Jane Austen: Romantics and Revolution

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Jane Austen: Romantics and Revolution

<p>Jane Austen is an iconic figure for scholars and fans alike. In this course we will examine four of her novels, as well as a range of popular contemporary adaptations in order fully appreciate her

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Jane Austen is an iconic figure for scholars and fans alike. In this course we will examine four of her novels, as well as a range of popular contemporary adaptations in order fully appreciate her influence over literary forms, including the way her writing helped to consolidate the codes of the realist novel. We will also analyse how these novels participate in the social and political debates that characterised the early 1800s.


SUGGESTED READING

  • Northanger Abbey, Jane Austen
  • Pride and Prejudice, Jane Austen
  • Mansfield Park, Jane Austen
  • Persuasion, Jane Austen
  • Emma, Alexander McCall Smith
  • Eligibility, Curtis Sittenfeld
  • Pride and Prejudice (1995, BBC), dir. Simon Langton
  • Persuasion (1995, BBC), dir. Roger Michell
  • Persuasion (2007, ITV), dir. Adrian Shergold


COURSE OUTLINE

  • Austen’s First Novel – Northanger Abbey: In our introductory class we examine the status of the novel in the eighteenth century, the most popular genres and codes of fiction. We will examine Austen’s earliest novel and famous defence of the novel in Northanger Abbey.
  • The Most Popular Girl at the Party – Pride and Prejudice I: Arguably Austen’s most admired heroine, this week we will focus our discussion around the enduring figure of Elizabeth Bennet and consider the contentious virtue: wit.
  • Who’s the True Hero? Pride and Prejudice II: This week we will continue our discussion of Pride and Prejudice, but shift our focus to consider the codification of heroism.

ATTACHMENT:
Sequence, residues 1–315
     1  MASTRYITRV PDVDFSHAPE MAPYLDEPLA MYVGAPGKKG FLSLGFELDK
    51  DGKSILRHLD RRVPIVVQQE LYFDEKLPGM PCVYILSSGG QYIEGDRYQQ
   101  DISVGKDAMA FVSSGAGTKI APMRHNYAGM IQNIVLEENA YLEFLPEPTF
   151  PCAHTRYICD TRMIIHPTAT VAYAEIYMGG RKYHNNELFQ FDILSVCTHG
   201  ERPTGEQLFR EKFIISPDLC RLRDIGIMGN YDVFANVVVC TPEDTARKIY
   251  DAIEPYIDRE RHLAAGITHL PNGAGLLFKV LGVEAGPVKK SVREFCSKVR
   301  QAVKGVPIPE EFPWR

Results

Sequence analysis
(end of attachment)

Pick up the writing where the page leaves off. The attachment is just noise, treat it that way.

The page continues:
• Forgotten Fanny – Mansfield Park: Perhaps Austen’s darkest novel, this week we will discuss the abject position that young Fanny Price finds herself in, and consider the darkest impulses of Austen’s realism.
  • Liberté, égalité, fraternité - Persuasion: This week we will contextualise Austen’s final complete novel and examine the impact that the French Revolution was having upon genteel society and masculinity in the early nineteenth century.
  • Afterlives – Popular Reception and Adaptations of Austen: In our final week we will discuss Austen’s enduring appeal and the cult of personality that surrounds her.



PLANNED LEARNING OUTCOMES

By the end of this course, students should be able to:

  1. Describe essential features of the realist novel and discuss Austen’s experimentation with the gothic and romantic.
  2. Analyse four of Austen’s novel in relation to their historical, social, and political context.
  3. Appreciate Austen’s influence within the Western canon and the way in which her novel’s consolidate the novel form.
  4. Explain the significance of free indirect discourse and discuss Austen’s contribution to this narrative innovation.
  5. Produce their own historicised close reading of an Austen novel of their choosing.